shattered planks now lie rotting on the shore of one of the Ionian Islands, on which she was wrecked. But hoping to be excused this anacronism, I will go on to say, that Williams was an expert swimmer, and had, as the boat was filling, found time partially to undress himself, or might have done so in the water, nor can there be a doubt that he made every effort to save his life—perhaps that of his friend, whilst Shelley, who could never learn to swim, had been reading to the last moment, quite unconscious or heedless of danger, and lost in abstraction like a second
Archimedes; for when found, he had his right hand and arm locked in his waistcoat, where he had in haste thrust a volume of Keats’s Poems, open at the Eve of St. Agnes, a poem which he wonderfully admired, and after the death of his brother poet, carried continually about with him the book. Mrs. Williams painted to me the days and nights of horror herself and Mrs. Shelley had passed during the eight days of suspense that intervened between
the loss of the schooner and some of the wreck being cast on shore.

“Then,” says Mrs. Shelley, “the spell was snapped. It was all over—an interval of agonizing doubt, of days passed in miserable journies to gain tidings,—of hopes that took firmer root even as they were more baseless, were changed to the certainty of the death that eclipsed all happiness for the survivors for evermore.” In the meanwhile, their absence was attributed first to the rough weather, and they consoled themselves with the reflection, that they might have deferred their departure from this circumstance. Then came a letter of enquiry from Trelawney, which soon dissipated that conjecture. He arrived to console them with the thought that Shelley and Williams had taken refuge in one of the islands, Gorgona, or perhaps Sardinia, and their eyes were continually directed seaward, in the hope of descrying the well-known sail. Day followed day,—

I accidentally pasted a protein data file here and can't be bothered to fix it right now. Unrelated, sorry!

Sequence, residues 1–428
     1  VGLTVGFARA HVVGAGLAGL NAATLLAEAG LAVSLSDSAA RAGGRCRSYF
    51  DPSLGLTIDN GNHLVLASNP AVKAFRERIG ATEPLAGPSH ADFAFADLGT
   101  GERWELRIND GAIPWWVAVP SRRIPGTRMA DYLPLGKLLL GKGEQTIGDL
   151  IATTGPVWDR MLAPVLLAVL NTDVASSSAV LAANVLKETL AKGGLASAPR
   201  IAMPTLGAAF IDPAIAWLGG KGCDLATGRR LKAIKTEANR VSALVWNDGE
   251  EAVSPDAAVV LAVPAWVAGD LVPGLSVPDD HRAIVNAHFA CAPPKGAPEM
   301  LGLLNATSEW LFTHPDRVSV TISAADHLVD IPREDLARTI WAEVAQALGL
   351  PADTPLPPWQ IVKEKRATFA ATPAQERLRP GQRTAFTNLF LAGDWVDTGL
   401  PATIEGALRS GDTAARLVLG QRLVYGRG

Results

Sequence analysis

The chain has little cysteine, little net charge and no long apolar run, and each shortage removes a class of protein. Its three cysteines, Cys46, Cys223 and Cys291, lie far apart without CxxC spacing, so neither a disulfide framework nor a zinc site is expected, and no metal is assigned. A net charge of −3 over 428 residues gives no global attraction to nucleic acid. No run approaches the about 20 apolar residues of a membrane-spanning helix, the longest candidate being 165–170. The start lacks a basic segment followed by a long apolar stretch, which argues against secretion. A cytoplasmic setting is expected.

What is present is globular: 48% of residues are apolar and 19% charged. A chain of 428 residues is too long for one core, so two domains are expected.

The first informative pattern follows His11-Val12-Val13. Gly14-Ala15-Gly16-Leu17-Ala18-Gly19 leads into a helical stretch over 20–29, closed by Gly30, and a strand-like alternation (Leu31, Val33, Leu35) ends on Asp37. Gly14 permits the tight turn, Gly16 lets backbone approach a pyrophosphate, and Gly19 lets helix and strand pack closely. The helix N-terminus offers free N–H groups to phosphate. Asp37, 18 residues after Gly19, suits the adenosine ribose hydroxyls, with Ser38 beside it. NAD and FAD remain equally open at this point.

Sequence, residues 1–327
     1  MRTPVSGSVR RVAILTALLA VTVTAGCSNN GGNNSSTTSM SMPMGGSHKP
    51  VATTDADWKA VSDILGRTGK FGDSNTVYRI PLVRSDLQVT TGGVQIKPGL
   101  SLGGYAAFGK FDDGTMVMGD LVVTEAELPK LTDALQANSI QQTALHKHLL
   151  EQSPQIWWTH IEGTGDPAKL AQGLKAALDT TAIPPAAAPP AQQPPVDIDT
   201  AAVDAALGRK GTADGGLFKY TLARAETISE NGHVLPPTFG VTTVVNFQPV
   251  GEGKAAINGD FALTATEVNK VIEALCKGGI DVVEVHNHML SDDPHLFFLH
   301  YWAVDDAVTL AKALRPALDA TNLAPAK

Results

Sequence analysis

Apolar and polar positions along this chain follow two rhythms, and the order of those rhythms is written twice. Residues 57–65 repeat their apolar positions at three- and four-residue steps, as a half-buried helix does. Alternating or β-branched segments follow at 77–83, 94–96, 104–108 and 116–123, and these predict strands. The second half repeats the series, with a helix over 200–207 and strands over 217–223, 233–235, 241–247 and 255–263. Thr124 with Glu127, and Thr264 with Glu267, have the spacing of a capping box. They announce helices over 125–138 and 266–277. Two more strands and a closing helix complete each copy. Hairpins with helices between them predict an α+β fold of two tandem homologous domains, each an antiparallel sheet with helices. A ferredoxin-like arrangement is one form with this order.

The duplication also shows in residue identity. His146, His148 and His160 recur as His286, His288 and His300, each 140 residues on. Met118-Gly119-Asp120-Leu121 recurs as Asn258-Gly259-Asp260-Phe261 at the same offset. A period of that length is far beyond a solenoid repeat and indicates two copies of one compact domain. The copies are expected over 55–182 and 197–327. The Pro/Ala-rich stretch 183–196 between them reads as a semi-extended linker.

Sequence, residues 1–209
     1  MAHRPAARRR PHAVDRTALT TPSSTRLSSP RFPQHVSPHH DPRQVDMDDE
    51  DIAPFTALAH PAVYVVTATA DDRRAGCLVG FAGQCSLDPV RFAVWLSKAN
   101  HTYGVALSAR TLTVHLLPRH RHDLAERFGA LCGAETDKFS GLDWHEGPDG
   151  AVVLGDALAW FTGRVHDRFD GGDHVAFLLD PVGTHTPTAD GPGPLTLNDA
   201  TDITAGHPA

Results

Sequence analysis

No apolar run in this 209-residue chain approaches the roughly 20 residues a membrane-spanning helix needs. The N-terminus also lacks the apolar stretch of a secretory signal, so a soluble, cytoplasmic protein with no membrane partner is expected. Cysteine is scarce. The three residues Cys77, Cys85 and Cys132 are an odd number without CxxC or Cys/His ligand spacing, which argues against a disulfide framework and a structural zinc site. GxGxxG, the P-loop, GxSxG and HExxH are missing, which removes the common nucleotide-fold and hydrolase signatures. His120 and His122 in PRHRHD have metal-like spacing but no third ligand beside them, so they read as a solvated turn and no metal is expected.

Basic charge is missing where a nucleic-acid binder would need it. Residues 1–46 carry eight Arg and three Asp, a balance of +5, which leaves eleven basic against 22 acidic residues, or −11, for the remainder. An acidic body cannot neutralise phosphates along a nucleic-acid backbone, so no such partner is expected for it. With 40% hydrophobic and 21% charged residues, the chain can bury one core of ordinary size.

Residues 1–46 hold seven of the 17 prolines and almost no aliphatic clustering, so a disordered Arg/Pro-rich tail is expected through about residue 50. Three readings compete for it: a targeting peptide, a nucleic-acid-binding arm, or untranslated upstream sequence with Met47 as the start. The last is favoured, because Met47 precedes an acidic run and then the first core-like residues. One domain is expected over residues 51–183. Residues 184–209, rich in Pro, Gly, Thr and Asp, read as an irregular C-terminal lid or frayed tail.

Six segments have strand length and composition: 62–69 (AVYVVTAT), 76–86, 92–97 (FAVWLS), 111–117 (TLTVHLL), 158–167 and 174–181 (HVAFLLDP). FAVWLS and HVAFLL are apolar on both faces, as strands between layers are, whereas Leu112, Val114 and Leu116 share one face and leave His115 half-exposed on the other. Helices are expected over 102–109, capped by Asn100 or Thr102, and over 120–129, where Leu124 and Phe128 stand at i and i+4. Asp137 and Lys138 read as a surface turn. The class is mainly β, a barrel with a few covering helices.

The hours for those who watched for him,
With chill forebodings, and with fluttering hearts:
There lay the uniform blank sea, that gave
No certain tidings, but left ample space
For miserable doubt, report, and hope
Beyond all hope.

But the fatal news was at last brought by the discovery, first of one body, and then of the other. In a poem, which I dedicated to Lord Byron, I endeavoured to depict the awful suspense of those days, and under the name of Julian, to idealize Shelley, and describe his funeral pyre. I copy some passages from a rough draft, not having the original, and imperfectly, for the rythm is here and there defective, and the rhymes wanting; but the lines may serve as a transcript of my feelings, are such as all hearts may sympathise in, and may not be considered out of place here.

The storm is up—in haste they reach
A pathway winding from the beach—
That hope-winged speed arrests their tears.
A flash! the curving coast appears,
The isles in front, and all beyond,
A raging sea without a bound.
Where is the boat? no boat is there,
That bay’s lone moanings mock despair!
Where is the boat? they gaze again—
Look they for comfort to the main?
On that wild waste of waves they gaze,
And fancy, in the lightning’s blaze,
Paints every breaker as a sail
In safety riding out the gale;
And once they thought they could descry
A floating form—oh, misery!
And hear a swimmer’s drowning cry.
They gazed, how long they knew not on,
That wilderness,—and yet
They ceased not with the rising sun
To gaze—nor when he set.